SUZANO, Brazil (AP) — Classmates, friends and relatives of the victims of a mass school shooting hugged, cried and prayed on Thursday as several thousand attended a wake in this devastated Sao Paulo suburb while authorities worked to uncover what drove two former students to attack with a gun, crossbows and axes.
Before 17-year-old Guilherme Taucci Monteiro and 25-year-old Henrique de Castro launched the school assault Wednesday, killing seven, police said they shot and killed a man who owned a used-car dealership nearby.
What happened next at the K-12 school, partially caught on surveillance camera footage at the school’s entrance and widely distributed in Brazil, was stomach-churning.
It showed Monteiro entering the building and shooting several people in the head as they tried to run away. De Castro followed him, first striking wounded people with an ax and then swinging it wildly while scores of students ran past him. De Castro then armed his bow and walked further into the school.
The dead included five students, a teacher and a school administrator. Nine others were wounded in the attack, including seven still hospitalized Thursday.
“I couldn’t sleep. I have two children in school and they are about the age of the victims,” said Wanda Augusta, a 46-year-old homemaker attending the wake.
“If only we could have identified the difficulties of these boys” before the attack, said Rossieli Soares, the state education secretary, who attended the wake at a volleyball arena. “This is a problem in our society.”
Police seized computers and notebooks from the homes of the two attackers, who were neighbors and lived less than a mile (kilometer) from the school. They also took computers from an arcade near the school that the attackers frequented.
TV Globo, citing access to the preliminary police investigation, reported that the attackers had planned the crime for a year and did internet searches of mass shootings at U.S. schools. In particular, the two were interested in the Columbine massacre in Colorado in 1999, according to Globo. Police were expected to detail their investigation at a news conference later Thursday.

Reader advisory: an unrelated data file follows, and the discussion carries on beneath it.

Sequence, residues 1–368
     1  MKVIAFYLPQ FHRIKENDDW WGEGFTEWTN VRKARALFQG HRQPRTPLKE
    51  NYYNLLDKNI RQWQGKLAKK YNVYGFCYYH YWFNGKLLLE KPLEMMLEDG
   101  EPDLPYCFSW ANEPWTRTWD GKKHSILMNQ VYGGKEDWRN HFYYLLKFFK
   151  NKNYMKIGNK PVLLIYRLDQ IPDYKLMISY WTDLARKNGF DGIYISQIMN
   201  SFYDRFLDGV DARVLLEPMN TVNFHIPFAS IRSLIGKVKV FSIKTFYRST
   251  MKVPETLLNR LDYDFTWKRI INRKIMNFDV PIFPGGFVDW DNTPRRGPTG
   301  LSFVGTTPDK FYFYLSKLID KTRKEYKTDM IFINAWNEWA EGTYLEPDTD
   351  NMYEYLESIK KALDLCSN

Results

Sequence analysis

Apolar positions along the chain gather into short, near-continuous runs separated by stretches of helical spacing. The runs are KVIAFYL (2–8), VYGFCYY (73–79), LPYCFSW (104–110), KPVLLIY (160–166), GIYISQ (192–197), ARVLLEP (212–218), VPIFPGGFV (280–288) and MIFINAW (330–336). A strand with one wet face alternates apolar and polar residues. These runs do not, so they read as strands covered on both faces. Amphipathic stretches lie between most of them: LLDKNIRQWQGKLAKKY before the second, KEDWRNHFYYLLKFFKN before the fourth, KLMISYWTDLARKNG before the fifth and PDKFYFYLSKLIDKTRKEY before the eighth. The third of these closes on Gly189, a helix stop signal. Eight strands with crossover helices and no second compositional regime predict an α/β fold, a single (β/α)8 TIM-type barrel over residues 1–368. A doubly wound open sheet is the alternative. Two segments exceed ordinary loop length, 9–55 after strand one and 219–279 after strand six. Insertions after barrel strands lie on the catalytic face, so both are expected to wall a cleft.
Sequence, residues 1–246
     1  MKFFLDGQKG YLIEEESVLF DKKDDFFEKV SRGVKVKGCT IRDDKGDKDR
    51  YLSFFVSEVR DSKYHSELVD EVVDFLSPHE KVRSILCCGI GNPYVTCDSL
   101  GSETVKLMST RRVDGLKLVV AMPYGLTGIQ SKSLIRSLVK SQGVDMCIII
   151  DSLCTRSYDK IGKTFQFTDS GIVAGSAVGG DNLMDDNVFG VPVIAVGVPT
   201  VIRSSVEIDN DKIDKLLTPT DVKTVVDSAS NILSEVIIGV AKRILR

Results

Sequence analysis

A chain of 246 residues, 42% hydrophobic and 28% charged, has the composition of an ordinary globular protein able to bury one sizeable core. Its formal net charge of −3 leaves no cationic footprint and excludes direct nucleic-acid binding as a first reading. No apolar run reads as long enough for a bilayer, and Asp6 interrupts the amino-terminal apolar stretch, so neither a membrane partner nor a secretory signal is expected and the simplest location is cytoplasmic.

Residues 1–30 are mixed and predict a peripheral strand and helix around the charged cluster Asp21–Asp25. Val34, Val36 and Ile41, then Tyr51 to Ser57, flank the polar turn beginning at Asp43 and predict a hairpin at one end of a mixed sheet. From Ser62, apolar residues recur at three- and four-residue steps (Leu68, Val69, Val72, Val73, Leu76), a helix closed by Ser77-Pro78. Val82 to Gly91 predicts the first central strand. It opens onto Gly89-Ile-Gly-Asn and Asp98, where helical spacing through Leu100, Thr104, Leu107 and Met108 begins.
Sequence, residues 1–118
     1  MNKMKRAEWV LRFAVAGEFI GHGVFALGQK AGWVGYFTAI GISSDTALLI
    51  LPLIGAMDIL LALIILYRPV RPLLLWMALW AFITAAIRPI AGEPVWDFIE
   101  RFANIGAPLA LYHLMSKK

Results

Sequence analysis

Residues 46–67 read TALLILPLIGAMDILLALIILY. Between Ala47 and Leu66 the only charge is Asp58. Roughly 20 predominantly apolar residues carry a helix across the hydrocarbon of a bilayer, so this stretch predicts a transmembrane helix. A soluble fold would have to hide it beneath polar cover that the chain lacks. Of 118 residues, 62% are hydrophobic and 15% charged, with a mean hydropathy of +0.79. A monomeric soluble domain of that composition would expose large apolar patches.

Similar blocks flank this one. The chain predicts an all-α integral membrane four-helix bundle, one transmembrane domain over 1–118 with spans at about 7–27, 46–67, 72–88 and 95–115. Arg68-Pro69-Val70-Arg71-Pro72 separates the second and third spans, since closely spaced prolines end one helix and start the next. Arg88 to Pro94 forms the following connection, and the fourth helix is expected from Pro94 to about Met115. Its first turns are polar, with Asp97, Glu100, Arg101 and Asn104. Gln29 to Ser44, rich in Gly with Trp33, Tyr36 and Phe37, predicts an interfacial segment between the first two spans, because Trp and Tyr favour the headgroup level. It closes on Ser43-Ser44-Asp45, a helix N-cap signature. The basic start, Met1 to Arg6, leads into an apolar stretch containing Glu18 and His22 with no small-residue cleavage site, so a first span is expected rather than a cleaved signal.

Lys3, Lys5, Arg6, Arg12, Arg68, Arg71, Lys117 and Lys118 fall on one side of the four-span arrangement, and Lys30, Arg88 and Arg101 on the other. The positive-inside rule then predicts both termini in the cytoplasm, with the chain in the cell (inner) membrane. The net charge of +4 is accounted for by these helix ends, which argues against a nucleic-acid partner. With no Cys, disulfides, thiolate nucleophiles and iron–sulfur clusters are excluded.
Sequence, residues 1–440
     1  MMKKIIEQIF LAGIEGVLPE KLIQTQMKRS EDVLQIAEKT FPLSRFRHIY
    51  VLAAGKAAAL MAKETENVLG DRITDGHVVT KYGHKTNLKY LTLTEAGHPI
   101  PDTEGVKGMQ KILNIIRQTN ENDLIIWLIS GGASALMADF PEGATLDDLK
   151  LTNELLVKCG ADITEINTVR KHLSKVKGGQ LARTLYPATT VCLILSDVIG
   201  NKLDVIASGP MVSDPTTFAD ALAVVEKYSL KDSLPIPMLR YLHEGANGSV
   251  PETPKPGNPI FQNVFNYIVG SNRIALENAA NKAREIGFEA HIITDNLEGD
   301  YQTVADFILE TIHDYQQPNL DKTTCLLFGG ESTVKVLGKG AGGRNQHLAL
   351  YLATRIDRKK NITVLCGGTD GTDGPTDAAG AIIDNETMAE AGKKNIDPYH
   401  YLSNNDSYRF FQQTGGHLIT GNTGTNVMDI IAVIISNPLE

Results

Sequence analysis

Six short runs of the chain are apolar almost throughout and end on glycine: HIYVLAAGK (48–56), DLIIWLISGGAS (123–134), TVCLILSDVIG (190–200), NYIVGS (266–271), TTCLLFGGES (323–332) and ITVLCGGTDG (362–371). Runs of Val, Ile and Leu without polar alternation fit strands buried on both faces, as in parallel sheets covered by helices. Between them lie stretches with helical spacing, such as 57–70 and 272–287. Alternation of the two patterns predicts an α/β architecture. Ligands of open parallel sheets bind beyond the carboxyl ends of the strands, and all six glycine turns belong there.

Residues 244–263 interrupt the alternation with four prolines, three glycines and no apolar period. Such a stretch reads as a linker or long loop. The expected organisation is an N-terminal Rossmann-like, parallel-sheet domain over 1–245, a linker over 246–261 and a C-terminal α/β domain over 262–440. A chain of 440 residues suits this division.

While Latin America’s largest nation has deep problems with violence — it’s the world leader in annual homicides — school shootings like those in the U.S. are rare. Wednesday’s attack reminded many Brazilians of an attack in 2011, when a gunman roamed the halls of a Rio de Janeiro school and killed 12 students.
Joao Camilo Pires de Campos, Sao Paulo state’s public security secretary, summed up what was on the minds of many Brazilians.
“The big question is: What was the motivation of these former students?” he told reporters Wednesday.
Monteiro’s mother, Tatiana Taucci, offered a possible partial answer, saying that her son had been bullied at the school.
“Bullying, they call it. … He stopped going to school … because of this,” she told the Band News TV network.
Still, she said she was as surprised as anyone by her son’s involvement in the attack, which she said she heard about on television like everyone else.
Minutes before the school rampage, Monteiro posted 26 photos on his Facebook page, included several with a gun and one that showed him giving the middle finger as he looked into the camera.
In some of the photos, he wore a black scarf with a white imprint of a skull and cross bones. No text accompanied the posts.
During the attack, Monteiro opened fire with a .38 caliber handgun and de Castro used a crossbow, de Campos said.
The attackers were also carrying Molotov cocktails, knives and small axes, authorities said.
One of the wounded, Jose Vitor, ran to a hospital close to the school with an ax still lodged in his right shoulder.
“He is an agile adolescent,” his mother, Sandra Regina Ramos, told reporters outside the hospital. “He reacted quickly.”
The assailants were trying to force their way inside a room at the back of the school where many students were hiding when police arrived. Instead of facing the officers, Monteiro shot de Castro in the head and then shot himself, authorities said.
The debate over whether to expand access to guns, a priority of President Jair Bolsonaro’s administration, was present in many of the public statements by politicians. Soon after his Jan. 1 inauguration, Bolsonaro issued a decree making it easier to buy a gun. His party plans to put forward legislation that would go even further, loosening restrictions on carrying and the number and types of firearms Brazilians can own.
“We can’t let those who take advantage of this tragedy speak about how disarmament is the solution,” tweeted Sen. Major Olimpio, a member of Bolsonaro’s party and a proponent of loosening gun legislation, after the massacre.
Late Wednesday, House Speaker Rodrigo Maia criticized arguments that more guns would help.
“I hope that some don’t try to defend the idea that if only the teachers had been armed, the problem would have been resolved,” Maia told reporters in the capital, Brasilia. “For the love of God.”